Thursday, September 01, 2016

Could the submarine related leaks end up stabilizing regional nuclear deterrence regimes?

As most of you are aware, India's submarine secrets have been under attack for a while now. There was disastrous leak inside Eastern Naval Command in 2011, when it was discovered that a sizable amount of information about sensitive submarine warfare facilities at INS Varsha, INS Virabahu and INS Kattaboman had been hacked [1].  Now ofcourse the Scorpene leak saga is being talked about everywhere although the actual leakage apparently happened in 2011 also. I would not be too surprised if there are more leaks we in the general public do not know about right now.

Perhaps this sort of things should have been completely expected. When India declared to the world that the INS Arihant was ready for sea trials, it completely altered a balance of power in the region and possibly rattled the existing world order on a global scale. Sri. Manmohan Singh was very careful, he repeatedly told anyone who was willing to listen that the Arihant was not going to be armed any time soon. It was extremely reassuring to hear that from him.

China and Pakistan were quite upset with these developments. If their newspaper articles were anything to go by, the Pakistanis were really really scared. In India people tend to find Pakistan's behavior irrational but there is a simple way to understand Pakistan's reaction to the Arihant as I attempt to show below.

Let us forget about India and Pakistan - and instead focus on just you and me. If you and I are nuclear adversaries, nuclear deterrence works between us - if and only if - we can read each other's intentions. If I cannot read your intentions (or you can't read mine), then all assumptions about each other's rationality become untenable and the entire deterrence regime fails by default.

If you now possess a nuclear armed submarine, and I cannot track it. At that point I cannot read your intentions and all my assumptions about being able to evaluate your rationality become questionable. In this climate of uncertainty I have to constantly ask myself one simple question - is a sudden attack imminent?. Even if the answer is - NO. I am quite stressed out by the onerous task of asking that question repeatedly and constantly having to reassure myself. This continuous stress makes the entire deterrence regime very unstable.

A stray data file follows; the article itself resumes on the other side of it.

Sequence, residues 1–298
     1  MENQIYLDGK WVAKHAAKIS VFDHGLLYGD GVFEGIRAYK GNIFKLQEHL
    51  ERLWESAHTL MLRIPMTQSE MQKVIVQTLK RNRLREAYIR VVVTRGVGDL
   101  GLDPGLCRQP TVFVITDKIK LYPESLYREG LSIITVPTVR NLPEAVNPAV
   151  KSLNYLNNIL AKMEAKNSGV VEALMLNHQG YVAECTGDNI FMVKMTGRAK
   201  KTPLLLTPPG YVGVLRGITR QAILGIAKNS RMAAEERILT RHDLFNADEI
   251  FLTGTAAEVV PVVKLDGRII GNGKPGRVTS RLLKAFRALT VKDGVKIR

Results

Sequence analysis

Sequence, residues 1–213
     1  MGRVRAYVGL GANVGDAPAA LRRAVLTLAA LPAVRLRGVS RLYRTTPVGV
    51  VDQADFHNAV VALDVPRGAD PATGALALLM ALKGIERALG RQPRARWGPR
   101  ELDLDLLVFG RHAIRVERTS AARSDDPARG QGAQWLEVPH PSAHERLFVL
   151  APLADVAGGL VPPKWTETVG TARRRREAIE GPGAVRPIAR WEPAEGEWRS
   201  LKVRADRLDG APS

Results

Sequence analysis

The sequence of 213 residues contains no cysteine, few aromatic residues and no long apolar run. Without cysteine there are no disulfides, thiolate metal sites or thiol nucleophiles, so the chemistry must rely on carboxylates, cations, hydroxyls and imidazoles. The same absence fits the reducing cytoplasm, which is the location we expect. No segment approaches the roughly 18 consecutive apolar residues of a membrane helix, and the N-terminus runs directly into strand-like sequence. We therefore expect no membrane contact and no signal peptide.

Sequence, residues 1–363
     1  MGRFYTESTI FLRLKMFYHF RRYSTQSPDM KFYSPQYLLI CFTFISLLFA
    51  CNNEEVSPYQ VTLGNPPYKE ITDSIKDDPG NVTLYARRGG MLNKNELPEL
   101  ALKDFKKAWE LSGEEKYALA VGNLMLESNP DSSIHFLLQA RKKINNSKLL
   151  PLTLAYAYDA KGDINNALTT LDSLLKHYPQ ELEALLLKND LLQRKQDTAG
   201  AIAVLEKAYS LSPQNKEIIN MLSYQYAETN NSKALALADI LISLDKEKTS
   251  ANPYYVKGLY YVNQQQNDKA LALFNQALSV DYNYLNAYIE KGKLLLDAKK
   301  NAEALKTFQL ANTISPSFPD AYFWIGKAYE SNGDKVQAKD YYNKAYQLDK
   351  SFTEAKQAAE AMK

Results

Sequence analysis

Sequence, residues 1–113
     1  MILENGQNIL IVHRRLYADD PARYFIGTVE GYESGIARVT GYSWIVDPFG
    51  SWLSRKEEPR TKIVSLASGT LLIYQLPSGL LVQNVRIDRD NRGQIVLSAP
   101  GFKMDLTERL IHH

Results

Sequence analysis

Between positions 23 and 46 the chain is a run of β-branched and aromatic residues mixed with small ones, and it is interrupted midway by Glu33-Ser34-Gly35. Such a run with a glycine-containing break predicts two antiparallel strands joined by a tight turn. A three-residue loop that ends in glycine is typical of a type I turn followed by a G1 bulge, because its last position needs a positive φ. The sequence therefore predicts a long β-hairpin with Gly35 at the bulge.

Now if I were to obtain some information about your submarine that allows me to track it. I could at least determine if your submarine was within striking distance of me. I could position a trip wire line which if crossed I could confront you about. There would be many options for me to leverage my knowledge of the ability to track your submarine and improve the quality of my deterrence.

So in that limited sense - the leakage of submarine secrets could end up improving the stability of the nuclear deterrence regime. While the leakage would not necessarily ever make me completely certain that a sudden attack was impossible, but it would make me more confident about my ability to predict it.

This kind of thing is a part of the paradoxical nature of national security issues in the nuclear arena. What seems highly destabilizing also has a very stabilizing component to it and it is never clear which tendency overpowers the other.

India for its part is obviously working hard on building a safe zone in the Bay of Bengal and the IOR where the Arihant can be put through its paces. China and Pakistan will for their part attempt to breach this "safe zone" and learn as much as they can about the Arihant and attempt to determine the most likely positions from which an Arihant might launch its weapons.

Another interesting facet of this issue is human nature. Going back to the example of you and me, If you were to simply hand over information to me about your submarines, I would be very suspicious. I would probably dismiss the entire information you give me as a provocation designed to lull me into a false sense of security. But if I were to obtain that same information through strenuous exertion, then I would be more likely to accept it as being accurate (because after all I have expended the lives of so many agents to get this information). As they say in Hindi "Mehnat ka phal hamesha meetha hota hain" (the fruits of labor are always sweet).

Obviously India stands to gain by keeping its submarine capabilities secret, but there is such a thing as legitimate intelligence targeting and if Pakistan or China should get hold of some information as a result of serious and strenuous labor on part of their agencies, it might not be a complete loss from India's perspective.


At 7:47 AM, Blogger Ralphy said...

off topic, but for your perusal and edification.

Numbers hide the dangers of black violence at Chicago colleges


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